Darin Schnabel ©2014, courtesy of RM Auctions
On January 4, 1930, Cadillac stunned the fine-car market at the New York Auto Show with the introduction of its breathtaking new V16. With it, Cadillac instantly catapulted itself to the head of the luxury class in one brilliant stroke. Until then, only Bugatti had produced a 16-cylinder engine, and it was accomplished by bolting two 8-cylinder inline engines together, which was an innovation that was originally intended for aircraft use. Cadillac’s V16 was the first true 16-cylinder engine to be built from scratch, and it was a project led by Owen Milton Nacker under conditions of the utmost secrecy. In order to avoid knowledge of the project leaking from lower-level GM engineering departments and parts suppliers, a well-coordinated disinformation campaign was created. It included cover stories and notes on various blueprints that indicated that the project was actually Cadillac’s contribution to a new GM bus project. The 45-degree cylinder bank angle and overhead-valve design kept the V16 narrow, while its external manifolds allowed easy access to the engine compartment. Furthermore, Cadillac’s V16 was the first automotive engine ever to be “styled,” as all of the wiring was hidden and the engine compartment was dressed up with plenty of gleaming, polished aluminum, porcelain and a pair of beautiful valve covers with brushed aluminum ridged surfaces featuring the Cadillac emblem. This V16 roadster still presents utterly beautifully, with its carefully applied finish unmarred, and its interior is still tight and fresh. The underbody and underhood are clean and appear freshly restored, and its chrome still sparkles throughout. It is an heirloom that, for 81 years and four generations, has been the vehicle through which memories are made.

SCM Analysis


Vehicle:1930 Cadillac V16 Roadster
Years Produced:1930
Number Produced:2,886
Original List Price:$5,350
SCM Valuation:$450,000
Tune Up Cost:$2,500
Distributor Caps:$600
Chassis Number Location:Right side of crank case and generator chain housing
Club Info:Classic Car Club of America
Investment Grade:B

This car, Lot 109, sold for $1,100,000, including buyer’s premium, at RM’s Hershey, PA, sale on October 9, 2014.

In the second week of December 1929, Cadillac stunned the connoisseur luxury automotive market with the announcement of the V16 overhead valve engine.

Three models were presented at the January New York Auto Show, and they were enthusiastically received. Cadillac wisely had product available to meet the demand, and by April 8, the thousandth V16 had been shipped. In April alone, 576 left the factory, and by June, shipments reached 2,000 cars. This far exceeded Cadillac’s expectations — and caught competitors completely flat-footed. Packard, Pierce-Arrow and Lincoln responded two years later with V12s, but the Great Depression was in full swing, and the luxury market was collapsing. Marmon had been developing a well-refined V16 since 1926, but it did not debut until April of 1931, and by then Cadillac was firmly entrenched — and skimmed the cream from the top of the declining market. Marmon was soon in receivership.

A beautiful engine

The V16 engine was a marvel of engineering elegance. It utilized hydraulic valve adjustment, which resulted in an extremely quiet engine. The narrow, 45-degree V16 produced 320 foot-pounds of torque, resulting in a very smooth-running motor. In fact, Cadillac stated the “critical listening test” for the V16 was that you hear nothing more than the spark of the contact points at idle. The engine was finished in glossy enamel, porcelain and chrome. With ribbed cylinder head covers, it was a thing of beauty.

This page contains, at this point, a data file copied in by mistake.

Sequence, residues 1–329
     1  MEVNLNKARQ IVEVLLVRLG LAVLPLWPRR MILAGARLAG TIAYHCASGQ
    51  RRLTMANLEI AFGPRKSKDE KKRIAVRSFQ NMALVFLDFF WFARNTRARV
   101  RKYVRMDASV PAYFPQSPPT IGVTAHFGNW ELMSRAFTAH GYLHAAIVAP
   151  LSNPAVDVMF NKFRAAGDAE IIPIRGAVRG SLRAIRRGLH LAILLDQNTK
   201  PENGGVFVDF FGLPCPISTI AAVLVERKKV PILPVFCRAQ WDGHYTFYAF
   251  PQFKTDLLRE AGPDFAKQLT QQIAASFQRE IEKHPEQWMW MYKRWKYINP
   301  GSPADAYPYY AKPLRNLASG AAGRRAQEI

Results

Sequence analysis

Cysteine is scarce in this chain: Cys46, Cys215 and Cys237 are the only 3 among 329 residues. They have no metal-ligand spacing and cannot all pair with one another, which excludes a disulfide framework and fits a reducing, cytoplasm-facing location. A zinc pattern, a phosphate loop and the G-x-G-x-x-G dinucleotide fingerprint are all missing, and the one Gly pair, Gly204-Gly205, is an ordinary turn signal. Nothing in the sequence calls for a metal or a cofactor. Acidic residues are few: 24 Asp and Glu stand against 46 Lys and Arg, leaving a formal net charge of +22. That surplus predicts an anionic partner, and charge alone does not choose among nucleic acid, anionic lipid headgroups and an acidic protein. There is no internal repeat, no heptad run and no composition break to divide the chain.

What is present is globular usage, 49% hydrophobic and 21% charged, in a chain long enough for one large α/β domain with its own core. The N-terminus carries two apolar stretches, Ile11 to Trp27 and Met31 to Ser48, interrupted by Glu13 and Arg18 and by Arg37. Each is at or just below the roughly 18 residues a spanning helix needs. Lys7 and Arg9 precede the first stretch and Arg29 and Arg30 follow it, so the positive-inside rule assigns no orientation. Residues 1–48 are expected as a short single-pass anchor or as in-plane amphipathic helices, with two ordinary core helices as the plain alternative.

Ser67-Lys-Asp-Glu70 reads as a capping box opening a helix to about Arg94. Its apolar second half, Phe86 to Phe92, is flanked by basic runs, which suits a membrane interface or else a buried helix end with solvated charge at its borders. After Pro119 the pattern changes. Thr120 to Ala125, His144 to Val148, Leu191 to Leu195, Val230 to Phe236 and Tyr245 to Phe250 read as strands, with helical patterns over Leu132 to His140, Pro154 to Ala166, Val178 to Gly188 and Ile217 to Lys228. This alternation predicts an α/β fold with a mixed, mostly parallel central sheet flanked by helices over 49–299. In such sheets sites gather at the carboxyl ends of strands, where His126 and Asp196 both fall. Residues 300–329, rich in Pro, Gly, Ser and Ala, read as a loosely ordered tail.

Coupled with the offering of 20 Fleetwood bodies, the planned assault on Packard for supremacy of the luxury market was well under way.

Record sales — for a while

During the seven-year production run, 3,878 overhead-valve V16s were produced, with 2,886 sold in 1930 alone. Obviously, the Great Depression was taking hold of the connoisseur market. Without the financial support of General Motors, it’s questionable whether Cadillac would have survived the 1930s. The prestige that Cadillac now enjoys, however, can be traced to the V16.

This delightful 1930 Cadillac V16 roadster by Fleetwood was the “C” of the unique John Moir A-Z Car Collection. It was the second car acquired by John Moir Sr., and he bought it from a Ford used-car lot in 1933 after a rather brief ownership by the prominent Whittall family. Considering that its gas mileage was limited and it rode on an imposing 148-inch wheelbase, it was not the most practical car to drive, as the Great Depression forced many to the soup lines. As such, it was acquired at a bargain price.

Retired in the early 1950s, the car was restored in the 1990s to its original livery. It was presented at auction with several early original photographs and other documentation.

A stunning price

Pricing a Cadillac V16 is akin to pinning Jell-O on the wall, as prices are all over the board.

Closed cars have sold for as little as $150,000, while roadsters command premium pricing. Several in the SCM Platinum Auction Database range from $300,000 to $500,000. The high-water mark was a stunning example Gooding sold in 2008 at their Pebble Beach sale for $693,000.

So how do you explain the million-dollar sale here? For starters, well-restored significant CCCA Full Classics have resurged in value of late, and this car was in fantastic condition. The long-term, single-family ownership also adds to this car’s allure. Does it add $300,000 to $400,000 to the package? I just can’t see how, so this stunning Cadillac V16 was extremely well sold. ♦

(Introductory description courtesy of RM Auctions.)

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